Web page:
Danica Roem on Tuesday announced her campaign against the anti-LGBT Republican who has represented the 13th District in the Virginia House of Delegates since 1992.
Roem, a Manassas resident who attended local schools, was a reporter for the Gainesville Times from 2006-2015. She also worked for the Prince William Times, which is an offshoot of the Gainesville Times, from 2011-2015.
She covered Virginia for the National Journal from 2009-2013.
Roem was the Montgomery County (Md.) Sentinel’s news editor from August 2015 through last month. She said she plans to continue writing for the newspaper, but “in a diminished capacity.”
Roem, 32, told the Washington Blade on Wednesday during a telephone interview that transportation, economic development and education are her top campaign issues.
She stressed the need to “fix” Route 28 in order to reduce traffic congestion. Roem also told the Blade she supports the extension of the Virginia Railway Express commuter trains to Innovation Technology Park as a way to bolster the area’s high-tech industry.
“If we have mass transit that actually connects to transportation, we can market that area a whole lot more effectively,” she said. “We lose jobs to Tysons Corner. We lose jobs to the Research Triangle of North Carolina because we haven’t maximized our potential with innovation.”
Roem last September testified in support of a proposal that would add sexual orientation and gender identity to the Prince William County School District’s nondiscrimination policy.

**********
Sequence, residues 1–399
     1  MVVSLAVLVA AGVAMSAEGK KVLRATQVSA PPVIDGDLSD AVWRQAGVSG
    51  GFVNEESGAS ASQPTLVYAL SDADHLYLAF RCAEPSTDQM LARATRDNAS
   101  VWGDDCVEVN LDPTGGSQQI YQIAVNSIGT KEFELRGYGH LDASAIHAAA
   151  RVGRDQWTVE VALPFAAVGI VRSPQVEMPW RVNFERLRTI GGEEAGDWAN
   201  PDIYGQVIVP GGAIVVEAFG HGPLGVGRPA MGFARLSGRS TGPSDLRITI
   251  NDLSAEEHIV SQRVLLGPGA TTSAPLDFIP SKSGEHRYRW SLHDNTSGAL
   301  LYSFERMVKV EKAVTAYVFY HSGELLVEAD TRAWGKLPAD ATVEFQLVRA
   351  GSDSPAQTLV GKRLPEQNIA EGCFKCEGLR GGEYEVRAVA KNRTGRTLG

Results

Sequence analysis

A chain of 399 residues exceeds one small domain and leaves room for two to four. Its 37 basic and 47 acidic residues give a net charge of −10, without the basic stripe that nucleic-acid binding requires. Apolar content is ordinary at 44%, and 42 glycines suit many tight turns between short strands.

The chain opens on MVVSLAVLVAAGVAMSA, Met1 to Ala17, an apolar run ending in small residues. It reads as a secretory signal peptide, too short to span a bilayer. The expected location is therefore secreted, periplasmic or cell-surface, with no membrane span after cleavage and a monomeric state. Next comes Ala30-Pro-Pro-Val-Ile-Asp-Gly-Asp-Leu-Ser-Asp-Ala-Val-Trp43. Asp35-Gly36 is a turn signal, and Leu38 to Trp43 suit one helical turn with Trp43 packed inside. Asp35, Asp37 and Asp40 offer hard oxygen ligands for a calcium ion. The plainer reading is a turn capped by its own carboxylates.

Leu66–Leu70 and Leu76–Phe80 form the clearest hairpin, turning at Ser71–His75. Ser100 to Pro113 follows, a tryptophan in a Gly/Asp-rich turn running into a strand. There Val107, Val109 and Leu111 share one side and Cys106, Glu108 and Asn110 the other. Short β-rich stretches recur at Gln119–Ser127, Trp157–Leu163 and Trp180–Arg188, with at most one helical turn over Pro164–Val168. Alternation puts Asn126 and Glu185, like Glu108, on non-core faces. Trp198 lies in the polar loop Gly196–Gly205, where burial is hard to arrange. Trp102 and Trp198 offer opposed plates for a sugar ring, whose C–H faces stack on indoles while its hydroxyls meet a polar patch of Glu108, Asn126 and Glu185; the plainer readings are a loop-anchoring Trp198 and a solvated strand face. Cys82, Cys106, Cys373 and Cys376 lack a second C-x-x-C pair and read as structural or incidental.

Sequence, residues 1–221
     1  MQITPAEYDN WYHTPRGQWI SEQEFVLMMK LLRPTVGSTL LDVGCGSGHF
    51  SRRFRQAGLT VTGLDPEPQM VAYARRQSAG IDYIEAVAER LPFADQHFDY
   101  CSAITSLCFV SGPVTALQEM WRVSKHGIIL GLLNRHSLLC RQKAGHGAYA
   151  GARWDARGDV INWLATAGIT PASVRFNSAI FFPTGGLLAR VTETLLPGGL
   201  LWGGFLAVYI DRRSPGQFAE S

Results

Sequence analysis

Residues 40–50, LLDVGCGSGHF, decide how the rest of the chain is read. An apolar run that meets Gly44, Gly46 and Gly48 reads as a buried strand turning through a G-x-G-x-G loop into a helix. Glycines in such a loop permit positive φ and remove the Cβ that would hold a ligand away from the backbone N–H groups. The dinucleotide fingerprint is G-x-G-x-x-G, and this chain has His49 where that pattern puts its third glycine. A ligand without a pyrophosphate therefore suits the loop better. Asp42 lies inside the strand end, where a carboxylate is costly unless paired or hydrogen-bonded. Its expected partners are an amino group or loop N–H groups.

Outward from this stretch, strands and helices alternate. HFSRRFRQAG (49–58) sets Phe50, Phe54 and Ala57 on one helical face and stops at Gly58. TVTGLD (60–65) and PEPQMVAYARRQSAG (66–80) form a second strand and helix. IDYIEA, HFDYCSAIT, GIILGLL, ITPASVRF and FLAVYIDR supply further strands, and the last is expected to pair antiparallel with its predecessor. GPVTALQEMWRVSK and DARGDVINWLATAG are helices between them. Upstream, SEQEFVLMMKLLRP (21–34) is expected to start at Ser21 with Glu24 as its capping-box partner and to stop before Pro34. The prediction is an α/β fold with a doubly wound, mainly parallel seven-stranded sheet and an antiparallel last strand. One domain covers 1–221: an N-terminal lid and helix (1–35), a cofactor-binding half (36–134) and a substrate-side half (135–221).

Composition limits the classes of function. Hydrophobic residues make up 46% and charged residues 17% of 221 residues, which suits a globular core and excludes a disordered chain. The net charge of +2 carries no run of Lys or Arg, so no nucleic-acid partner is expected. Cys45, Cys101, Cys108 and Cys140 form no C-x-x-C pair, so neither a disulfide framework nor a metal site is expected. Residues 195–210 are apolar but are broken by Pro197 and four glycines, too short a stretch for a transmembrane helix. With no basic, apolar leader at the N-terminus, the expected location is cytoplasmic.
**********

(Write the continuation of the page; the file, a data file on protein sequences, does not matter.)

“We need nondiscrimination policies that include us,” she said.
Roem said she would work to reduce school overcrowding in the district. She also told the Blade she supports an increase of teacher salaries in Manassas and Manassas Park, which she described as the lowest in northern Virginia.
“That’s sad at best and we’ve got to do better,” said Roem.
Marshall ‘effective as a rookie member of the minority party’
Roem announced her candidacy on the same day that Marshall introduced a bill that would prohibit people from entering “a restroom or other facility designated for use by members of the opposite sex.”
House Bill 1612, which is also known as the Physical Privacy Act, would also require public school principals to notify a parent or guardian within 24 hours if their child “requests to be recognized or treated as the opposite sex, to use a name or pronoun inconsistent with the child’s sex, or to use a restroom or other facility designated for the opposite sex.”
“Del. Marshall once again has taken his eye off the ball by focusing on legislation that cost North Carolina hundreds of millions of dollars, hundreds of jobs, the election of their Republican governor and would stigmatize his own constituents in the 13th district,” Roem told the Blade.
A measure that sought to prevent Virginia municipalities from banning discrimination based on sexual orientation and gender identity are among the 41 bills that Marshall introduced during the 2016 legislative session. Roem pointed out to the Blade that only one of them passed.
“He’s as effective as a rookie member of the minority party,” she said.
Roem will face off against Mansimran Kahlon, chair of the Brentsville Magisterial District Democratic Committee, in the Democratic primary that will take place on June 13.
“I respect him a lot,” said Roem, noting she and Kahlon met after Thanksgiving. “I will not say a negative word for him.”
“We’re all in this together,” added Roem. “We would like to flip the House of Delegates so that we can get a Democratic majority.”